Overall this was the best experience that I have ever had and have learned so much. It sure has opened my eyes to so much more. New Zealand isn’t just an island at the bottom of the ocean. We play a massive role in the Singapore market and our continued relationship with Singapore will grow stronger. As a person I grew, the knowledge that I have gained from each of the speakers how kickstarted me for the next step in my life.  My passion for business and innovation is stronger than ever now and can’t wait to see where the newly explored road will take me.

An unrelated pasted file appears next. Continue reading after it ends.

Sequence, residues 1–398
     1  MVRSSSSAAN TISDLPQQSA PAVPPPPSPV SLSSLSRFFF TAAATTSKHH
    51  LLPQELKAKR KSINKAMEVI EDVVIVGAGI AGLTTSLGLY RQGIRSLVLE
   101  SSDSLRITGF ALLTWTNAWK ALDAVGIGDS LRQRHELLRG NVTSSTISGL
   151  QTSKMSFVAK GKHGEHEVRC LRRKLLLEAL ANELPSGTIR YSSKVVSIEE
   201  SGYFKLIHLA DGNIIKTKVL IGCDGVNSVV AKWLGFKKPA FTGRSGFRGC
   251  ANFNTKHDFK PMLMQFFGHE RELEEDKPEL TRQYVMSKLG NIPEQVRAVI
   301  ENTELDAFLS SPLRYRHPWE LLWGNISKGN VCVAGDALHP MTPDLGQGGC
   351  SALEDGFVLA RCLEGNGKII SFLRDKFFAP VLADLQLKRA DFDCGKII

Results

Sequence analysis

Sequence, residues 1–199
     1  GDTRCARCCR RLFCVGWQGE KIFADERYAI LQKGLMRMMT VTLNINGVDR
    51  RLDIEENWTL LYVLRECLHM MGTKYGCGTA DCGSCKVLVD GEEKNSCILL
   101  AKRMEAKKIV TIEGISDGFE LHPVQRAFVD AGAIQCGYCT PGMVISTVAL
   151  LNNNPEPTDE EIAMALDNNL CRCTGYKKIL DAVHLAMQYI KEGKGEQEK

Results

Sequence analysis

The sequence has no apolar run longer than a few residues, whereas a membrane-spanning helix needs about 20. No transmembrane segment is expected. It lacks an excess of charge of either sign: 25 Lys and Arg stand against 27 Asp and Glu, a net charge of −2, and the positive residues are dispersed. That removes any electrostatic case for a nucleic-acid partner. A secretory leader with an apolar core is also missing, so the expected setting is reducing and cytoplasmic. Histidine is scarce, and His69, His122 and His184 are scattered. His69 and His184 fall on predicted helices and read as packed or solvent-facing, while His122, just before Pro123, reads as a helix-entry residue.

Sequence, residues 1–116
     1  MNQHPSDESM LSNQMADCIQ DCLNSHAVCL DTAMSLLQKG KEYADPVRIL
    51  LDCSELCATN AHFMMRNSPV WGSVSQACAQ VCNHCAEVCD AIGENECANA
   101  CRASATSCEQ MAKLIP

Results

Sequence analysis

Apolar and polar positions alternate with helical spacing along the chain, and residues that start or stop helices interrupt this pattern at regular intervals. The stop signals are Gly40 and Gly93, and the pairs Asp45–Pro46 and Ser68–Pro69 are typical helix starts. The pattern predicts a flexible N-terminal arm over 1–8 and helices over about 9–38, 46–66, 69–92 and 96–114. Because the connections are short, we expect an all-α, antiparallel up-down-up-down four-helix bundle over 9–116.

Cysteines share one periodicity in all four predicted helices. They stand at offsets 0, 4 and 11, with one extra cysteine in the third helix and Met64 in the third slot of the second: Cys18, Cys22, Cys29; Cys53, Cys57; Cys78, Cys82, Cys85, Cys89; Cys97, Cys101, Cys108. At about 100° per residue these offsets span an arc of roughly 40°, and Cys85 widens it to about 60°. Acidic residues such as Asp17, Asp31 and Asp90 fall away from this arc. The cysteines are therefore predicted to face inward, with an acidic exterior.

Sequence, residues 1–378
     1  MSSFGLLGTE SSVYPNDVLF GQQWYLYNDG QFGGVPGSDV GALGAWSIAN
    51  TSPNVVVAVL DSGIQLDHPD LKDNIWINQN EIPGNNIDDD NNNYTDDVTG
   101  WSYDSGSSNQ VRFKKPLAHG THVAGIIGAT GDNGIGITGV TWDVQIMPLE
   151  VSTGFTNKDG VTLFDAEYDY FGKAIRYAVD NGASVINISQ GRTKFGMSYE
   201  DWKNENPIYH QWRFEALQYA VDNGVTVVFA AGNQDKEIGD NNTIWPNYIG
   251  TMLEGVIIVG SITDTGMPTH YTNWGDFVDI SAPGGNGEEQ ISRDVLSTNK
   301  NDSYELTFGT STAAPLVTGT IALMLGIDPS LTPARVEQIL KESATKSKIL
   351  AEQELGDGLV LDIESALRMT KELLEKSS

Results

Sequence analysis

I would Like to say a massive thanks to SEA CAPE for providing us this opportunity to explore Singapore and grow as people. To the NZ Chamber of Commerce Singapore for hosting and hooking us up with business in Singapore, we couldn’t of experience all the amazing speaker if it wasn’t for them. To Our 3 chaperons who had to put up with us for the week. And to all the new friends that I’ve made along this amazing journey.

 

If you ever get an opportunity to travel and learn to take it. You’ll never regret it and you have nothing to lose by doing it.

 

Thanks, Singapore hope to see you soon.